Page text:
On the negative side, cities are also home to broken dreams. A significant number of migrants, particularly in developing countries, end up living in informal settlements and slums without basic services. In richer countries, it is also common for them to settle in neighbourhoods with sub-standard facilities. Still the cities are … magnets of hope.

The cultural, social and religious traditions of migrants often differ from those of their hosts.  This makes their integration in the host society a difficult process. Yet, cities remain, magnets of hope.

If not managed properly, migration can lead to xenophobia and social unrest.

This brings me to the crux of my message today. In the global migration debate on protecting immigrant rights, or stemming the tide of migration, we must realise that the weakest link in the chain of any solution is at the local government level. In many instances, local authorities have very little say, if any, over national migration policies. Similarly, they are unable to control trans-national migration flows to their cities.

However, local governments always have to deal with the consequences of migration. This impact is of primary concern to three major spheres of public policy.

The first sphere of concern is ensuring the protection of human rights for migrants. The most evident manifestation of this lies in the area of adequate housing and access to basic services. Indeed, Housing and basic services are probably the single most important problem that migrants face on arrival in a new city. The formal housing markets tend to be out of bounds to them. And so inner city slums or “ethnic” ghettoes start to proliferate.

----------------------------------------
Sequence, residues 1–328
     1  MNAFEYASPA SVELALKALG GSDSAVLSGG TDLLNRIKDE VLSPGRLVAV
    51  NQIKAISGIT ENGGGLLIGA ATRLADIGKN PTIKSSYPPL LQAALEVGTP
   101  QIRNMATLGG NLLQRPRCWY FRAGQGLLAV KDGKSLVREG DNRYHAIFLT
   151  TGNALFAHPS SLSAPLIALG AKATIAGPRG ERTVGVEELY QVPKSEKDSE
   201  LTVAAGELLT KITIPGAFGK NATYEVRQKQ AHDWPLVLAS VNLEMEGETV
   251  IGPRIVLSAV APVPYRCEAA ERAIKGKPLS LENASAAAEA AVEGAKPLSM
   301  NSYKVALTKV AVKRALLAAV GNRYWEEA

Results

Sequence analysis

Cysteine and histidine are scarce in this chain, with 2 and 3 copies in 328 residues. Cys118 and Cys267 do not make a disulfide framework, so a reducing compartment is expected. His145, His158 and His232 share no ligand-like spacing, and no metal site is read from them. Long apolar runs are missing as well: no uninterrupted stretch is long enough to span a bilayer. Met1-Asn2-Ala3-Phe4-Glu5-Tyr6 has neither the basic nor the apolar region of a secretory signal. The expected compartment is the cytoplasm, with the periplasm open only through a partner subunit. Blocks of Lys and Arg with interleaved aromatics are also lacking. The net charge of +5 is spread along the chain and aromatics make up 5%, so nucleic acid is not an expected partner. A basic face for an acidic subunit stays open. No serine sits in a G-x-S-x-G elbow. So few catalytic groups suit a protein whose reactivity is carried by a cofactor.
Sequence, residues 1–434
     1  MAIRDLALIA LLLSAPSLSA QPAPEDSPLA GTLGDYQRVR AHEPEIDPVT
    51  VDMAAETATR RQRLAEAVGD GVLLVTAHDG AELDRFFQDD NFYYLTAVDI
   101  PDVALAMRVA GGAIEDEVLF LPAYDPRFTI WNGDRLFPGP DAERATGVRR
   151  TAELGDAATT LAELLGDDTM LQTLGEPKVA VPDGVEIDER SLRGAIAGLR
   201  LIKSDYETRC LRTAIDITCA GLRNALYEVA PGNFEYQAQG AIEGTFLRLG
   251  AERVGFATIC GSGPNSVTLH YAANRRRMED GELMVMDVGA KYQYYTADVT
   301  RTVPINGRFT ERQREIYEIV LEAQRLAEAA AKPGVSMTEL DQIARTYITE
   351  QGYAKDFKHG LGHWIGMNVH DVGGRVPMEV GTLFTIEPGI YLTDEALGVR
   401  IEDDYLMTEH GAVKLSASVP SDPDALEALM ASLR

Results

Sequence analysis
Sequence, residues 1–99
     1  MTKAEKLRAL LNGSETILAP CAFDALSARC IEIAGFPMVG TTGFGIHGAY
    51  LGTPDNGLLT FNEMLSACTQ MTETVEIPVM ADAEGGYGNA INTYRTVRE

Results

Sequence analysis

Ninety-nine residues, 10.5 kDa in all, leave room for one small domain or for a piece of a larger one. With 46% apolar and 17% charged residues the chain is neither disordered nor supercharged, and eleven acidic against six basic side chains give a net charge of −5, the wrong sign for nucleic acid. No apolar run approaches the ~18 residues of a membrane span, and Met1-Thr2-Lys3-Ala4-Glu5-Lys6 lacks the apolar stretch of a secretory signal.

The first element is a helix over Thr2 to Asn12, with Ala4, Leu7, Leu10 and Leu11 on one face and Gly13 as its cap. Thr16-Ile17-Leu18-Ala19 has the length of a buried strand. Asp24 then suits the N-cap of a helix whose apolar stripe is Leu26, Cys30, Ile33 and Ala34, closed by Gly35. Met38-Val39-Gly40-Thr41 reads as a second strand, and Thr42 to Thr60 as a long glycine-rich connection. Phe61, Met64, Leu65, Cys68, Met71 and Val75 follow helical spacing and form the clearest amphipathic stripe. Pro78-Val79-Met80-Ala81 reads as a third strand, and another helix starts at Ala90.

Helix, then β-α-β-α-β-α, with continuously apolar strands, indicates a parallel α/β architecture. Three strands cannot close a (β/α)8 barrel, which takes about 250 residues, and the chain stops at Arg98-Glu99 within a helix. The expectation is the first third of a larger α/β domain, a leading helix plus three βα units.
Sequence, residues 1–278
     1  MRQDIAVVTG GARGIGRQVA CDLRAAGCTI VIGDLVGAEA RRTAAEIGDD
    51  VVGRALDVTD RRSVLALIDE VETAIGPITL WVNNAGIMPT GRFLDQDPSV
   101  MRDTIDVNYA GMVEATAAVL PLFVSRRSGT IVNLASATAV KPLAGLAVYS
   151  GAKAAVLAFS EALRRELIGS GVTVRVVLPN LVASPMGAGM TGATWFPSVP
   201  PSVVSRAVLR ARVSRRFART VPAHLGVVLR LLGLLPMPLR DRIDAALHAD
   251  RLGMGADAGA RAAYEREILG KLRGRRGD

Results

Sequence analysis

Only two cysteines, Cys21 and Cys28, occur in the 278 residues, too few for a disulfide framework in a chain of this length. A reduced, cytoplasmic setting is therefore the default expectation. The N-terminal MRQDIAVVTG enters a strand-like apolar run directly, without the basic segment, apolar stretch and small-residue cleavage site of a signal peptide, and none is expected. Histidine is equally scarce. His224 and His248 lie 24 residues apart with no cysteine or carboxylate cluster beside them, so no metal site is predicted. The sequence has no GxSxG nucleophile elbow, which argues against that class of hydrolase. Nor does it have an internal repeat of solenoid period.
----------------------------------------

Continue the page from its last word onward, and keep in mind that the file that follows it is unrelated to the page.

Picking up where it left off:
Recent events serve as a stark reminder that such ghettoes can become hotbeds of social unrest and civil strife. As we seek ways and means of protecting the basic rights of immigrants, let us not forget that these rights can be rendered most meaningfully through the right to adequate housing and basic services. Translating these rights into reality requires an explicit chapter on socially inclusive housing and urban policies at the local level.

A second sphere of concern is the challenge of decent employment and working conditions.  Here again, local governments have a critical role to play in obviating the consequences of exploitative labour practices and human trafficking. Local-level decisions can help make informal activities part of a robust formal sector and provide more job and income opportunities, and protection. 

And thirdly, inclusiveness and representation. It is well recognised that the presence of international migrants also makes cities more cosmopolitan, and therefore more attractive to the forces of globalisation. If cities are to be a polis, to borrow the Greek word for a place where different people come together, cities must be considered as front-line actors in tackling social exclusion. Local authorities need policies that raise urban productivity and foster economic growth; but they also need policies that manage diversity and promote integration.

Ladies and gentlemen,